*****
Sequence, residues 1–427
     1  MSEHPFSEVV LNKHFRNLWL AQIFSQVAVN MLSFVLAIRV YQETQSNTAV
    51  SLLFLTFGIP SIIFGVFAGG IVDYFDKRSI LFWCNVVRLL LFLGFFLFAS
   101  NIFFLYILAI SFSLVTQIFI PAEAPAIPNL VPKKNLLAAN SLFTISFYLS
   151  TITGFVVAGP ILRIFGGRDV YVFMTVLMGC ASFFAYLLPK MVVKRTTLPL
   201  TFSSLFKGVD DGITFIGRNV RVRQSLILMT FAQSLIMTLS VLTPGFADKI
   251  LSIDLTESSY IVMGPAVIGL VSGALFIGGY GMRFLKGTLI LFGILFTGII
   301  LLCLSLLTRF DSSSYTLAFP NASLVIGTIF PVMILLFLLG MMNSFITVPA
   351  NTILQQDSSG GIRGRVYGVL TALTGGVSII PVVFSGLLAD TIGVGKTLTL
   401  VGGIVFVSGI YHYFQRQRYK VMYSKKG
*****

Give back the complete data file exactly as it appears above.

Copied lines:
Sequence, residues 1–427
     1  MSEHPFSEVV LNKHFRNLWL AQIFSQVAVN MLSFVLAIRV YQETQSNTAV
    51  SLLFLTFGIP SIIFGVFAGG IVDYFDKRSI LFWCNVVRLL LFLGFFLFAS
   101  NIFFLYILAI SFSLVTQIFI PAEAPAIPNL VPKKNLLAAN SLFTISFYLS
   151  TITGFVVAGP ILRIFGGRDV YVFMTVLMGC ASFFAYLLPK MVVKRTTLPL
   201  TFSSLFKGVD DGITFIGRNV RVRQSLILMT FAQSLIMTLS VLTPGFADKI
   251  LSIDLTESSY IVMGPAVIGL VSGALFIGGY GMRFLKGTLI LFGILFTGII
   301  LLCLSLLTRF DSSSYTLAFP NASLVIGTIF PVMILLFLLG MMNSFITVPA
   351  NTILQQDSSG GIRGRVYGVL TALTGGVSII PVVFSGLLAD TIGVGKTLTL
   401  VGGIVFVSGI YHYFQRQRYK VMYSKKG